Nov/Dec 2020 • Vol. XLII No. 6 PoetryNovember 1, 2020 |

Four Poses

You bend your foot, slow as the heron at hunt, who shifted to the sun side of the shoulder to let us pass, yesterday, beneath those reedy capers. It flew, when it flew, wispy as a reed. Cocked stiletto orange beak, a great white bulb- body glistening into wings. Ardeidae, of the species A. alba — you hardly seem to move. It’s like a crane, but closer in relation to the pelican, common enough in these parts. . . . Now you are the skier — looking out the big glass to the bay, the bright water we love, wing tipped, white capped, depending, wild or serene as each cloud. You crouch and hold, and the algae bloom, come so far — from the Amazon, some say, some thousand miles, a species a billion years old — floats in its ribbon locked in a gyre beyond our shore. Sahara dust pinks the sky at nightfall. So still the stars, yet whirling in a gyre, too . . . Now the brown millipede that fell from the sky, you said, to the red tiles outside our door

Already have an account? Login

Join KR for even more to read.

Register for a free account to read five free pieces a month from our current issue and digital archive.
Register for Free and Read This Piece



Or become a subscriber today and get complete, immediate access to our digital archives at every subscription level.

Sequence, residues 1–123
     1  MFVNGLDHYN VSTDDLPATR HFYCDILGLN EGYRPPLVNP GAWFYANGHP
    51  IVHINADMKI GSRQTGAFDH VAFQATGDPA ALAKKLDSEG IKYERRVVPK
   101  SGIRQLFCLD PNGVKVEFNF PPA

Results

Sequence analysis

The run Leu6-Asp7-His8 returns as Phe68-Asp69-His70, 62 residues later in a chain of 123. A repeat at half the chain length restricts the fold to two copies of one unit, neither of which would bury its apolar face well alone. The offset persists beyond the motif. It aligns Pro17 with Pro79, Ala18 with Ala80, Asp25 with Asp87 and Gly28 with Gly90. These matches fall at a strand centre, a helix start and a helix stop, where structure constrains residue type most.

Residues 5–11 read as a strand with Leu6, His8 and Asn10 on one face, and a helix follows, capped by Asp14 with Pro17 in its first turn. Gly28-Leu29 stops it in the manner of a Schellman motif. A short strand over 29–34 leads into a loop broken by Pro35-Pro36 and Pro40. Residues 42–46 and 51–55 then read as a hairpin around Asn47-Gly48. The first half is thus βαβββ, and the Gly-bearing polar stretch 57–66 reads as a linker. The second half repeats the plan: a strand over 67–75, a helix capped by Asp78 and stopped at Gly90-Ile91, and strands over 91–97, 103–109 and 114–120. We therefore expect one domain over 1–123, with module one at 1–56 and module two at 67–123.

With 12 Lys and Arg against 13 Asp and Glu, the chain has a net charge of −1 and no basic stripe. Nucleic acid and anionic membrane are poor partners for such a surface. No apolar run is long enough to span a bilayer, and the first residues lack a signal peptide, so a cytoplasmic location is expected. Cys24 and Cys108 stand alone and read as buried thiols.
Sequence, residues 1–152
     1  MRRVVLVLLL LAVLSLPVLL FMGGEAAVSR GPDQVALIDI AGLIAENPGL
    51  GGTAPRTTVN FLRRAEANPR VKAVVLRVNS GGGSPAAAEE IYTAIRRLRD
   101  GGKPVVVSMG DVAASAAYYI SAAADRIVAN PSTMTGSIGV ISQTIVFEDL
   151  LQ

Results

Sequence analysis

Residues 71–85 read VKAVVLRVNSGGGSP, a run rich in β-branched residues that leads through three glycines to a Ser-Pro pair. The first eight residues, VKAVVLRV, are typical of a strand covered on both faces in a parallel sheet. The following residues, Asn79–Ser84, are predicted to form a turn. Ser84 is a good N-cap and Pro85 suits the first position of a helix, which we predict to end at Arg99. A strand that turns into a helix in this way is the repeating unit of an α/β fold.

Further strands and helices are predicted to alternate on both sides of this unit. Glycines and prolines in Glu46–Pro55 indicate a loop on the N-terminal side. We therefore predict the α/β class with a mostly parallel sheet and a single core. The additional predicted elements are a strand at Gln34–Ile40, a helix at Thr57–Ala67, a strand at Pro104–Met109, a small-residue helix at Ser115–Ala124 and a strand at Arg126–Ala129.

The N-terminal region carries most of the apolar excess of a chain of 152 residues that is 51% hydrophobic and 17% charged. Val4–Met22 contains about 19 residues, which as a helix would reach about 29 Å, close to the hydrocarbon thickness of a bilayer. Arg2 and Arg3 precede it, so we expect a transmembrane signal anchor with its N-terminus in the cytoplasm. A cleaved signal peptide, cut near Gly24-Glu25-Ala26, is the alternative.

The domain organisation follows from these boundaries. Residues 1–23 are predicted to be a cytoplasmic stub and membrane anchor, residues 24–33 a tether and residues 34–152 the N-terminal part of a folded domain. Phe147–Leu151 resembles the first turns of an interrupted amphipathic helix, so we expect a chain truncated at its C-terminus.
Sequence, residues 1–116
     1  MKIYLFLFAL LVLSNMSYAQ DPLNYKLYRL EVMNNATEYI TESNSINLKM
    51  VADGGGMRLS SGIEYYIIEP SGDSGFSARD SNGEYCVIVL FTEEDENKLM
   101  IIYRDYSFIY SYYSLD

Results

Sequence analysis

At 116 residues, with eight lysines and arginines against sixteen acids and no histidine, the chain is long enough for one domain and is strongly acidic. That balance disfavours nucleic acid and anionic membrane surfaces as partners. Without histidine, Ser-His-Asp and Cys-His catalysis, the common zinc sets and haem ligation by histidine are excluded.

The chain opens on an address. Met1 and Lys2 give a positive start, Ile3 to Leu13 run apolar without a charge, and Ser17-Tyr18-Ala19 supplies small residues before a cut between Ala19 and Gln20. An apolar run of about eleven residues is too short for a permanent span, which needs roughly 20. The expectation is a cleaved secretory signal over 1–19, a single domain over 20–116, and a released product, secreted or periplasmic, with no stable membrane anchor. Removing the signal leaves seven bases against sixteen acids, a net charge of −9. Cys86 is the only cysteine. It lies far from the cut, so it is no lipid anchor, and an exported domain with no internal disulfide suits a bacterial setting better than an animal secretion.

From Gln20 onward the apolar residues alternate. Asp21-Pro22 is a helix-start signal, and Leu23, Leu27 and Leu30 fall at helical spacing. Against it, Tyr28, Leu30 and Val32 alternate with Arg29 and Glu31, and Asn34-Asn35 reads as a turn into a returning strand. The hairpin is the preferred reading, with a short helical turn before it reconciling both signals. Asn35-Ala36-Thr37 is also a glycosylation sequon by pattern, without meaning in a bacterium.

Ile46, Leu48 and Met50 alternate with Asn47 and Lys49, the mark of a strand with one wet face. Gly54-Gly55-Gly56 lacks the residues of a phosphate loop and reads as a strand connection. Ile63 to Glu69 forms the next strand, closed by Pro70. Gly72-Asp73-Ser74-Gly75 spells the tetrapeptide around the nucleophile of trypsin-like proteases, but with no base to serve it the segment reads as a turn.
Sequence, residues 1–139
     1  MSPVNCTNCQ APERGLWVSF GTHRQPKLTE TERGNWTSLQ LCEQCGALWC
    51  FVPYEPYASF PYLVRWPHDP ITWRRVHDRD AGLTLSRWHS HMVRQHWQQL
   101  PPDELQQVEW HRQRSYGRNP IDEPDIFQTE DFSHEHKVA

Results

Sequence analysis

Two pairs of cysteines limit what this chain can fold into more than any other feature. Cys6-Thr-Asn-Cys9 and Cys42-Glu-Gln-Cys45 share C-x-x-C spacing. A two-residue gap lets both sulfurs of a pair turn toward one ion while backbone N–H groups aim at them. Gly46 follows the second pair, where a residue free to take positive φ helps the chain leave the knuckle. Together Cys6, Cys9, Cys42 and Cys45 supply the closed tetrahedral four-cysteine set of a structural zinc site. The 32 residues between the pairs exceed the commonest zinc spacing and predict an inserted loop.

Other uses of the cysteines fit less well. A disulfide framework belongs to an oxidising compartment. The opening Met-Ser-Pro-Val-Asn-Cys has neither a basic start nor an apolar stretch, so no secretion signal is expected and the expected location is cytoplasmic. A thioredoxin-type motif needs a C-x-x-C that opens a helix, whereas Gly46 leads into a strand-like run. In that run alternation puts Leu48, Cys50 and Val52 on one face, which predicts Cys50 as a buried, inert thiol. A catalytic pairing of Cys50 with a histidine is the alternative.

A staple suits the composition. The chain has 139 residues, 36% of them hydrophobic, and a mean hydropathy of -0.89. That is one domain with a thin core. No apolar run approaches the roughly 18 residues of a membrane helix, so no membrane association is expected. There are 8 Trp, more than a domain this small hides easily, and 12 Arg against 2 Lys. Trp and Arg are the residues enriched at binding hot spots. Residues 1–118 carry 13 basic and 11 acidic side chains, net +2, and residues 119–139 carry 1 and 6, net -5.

David Baker is the author or editor of many books of poetry and criticism. His latest collection of poems, Whale Fall, was published by W. W. Norton in July 2022. Baker taught at Kenyon 1983–84 and began a long association with The Kenyon Review then, including service for more than twenty-five years as poetry editor. He continues to curate the magazine’s annual environmental feature, “Nature’s Nature.” Baker is emeritus professor of English at Denison University, in Granville, Ohio, where he offers two classes each spring semester.

Read More

Nature’s Nature

By David Baker

You bend your foot, slow as the heron at hunt, who shifted to the sun side of the shoulder to let us pass, yesterday, beneath those reedy capers. It flew, […]

[Introduction]

By David Baker

You bend your foot, slow as the heron at hunt, who shifted to the sun side of the shoulder to let us pass, yesterday, beneath those reedy capers. It flew, […]

Subscribe

Your free registration with Kenyon review incudes access to exclusive content, early access to program registration, and more.

Donate

With your support, we’ll continue 
to cultivate talent and publish extraordinary literature from diverse voices around the world.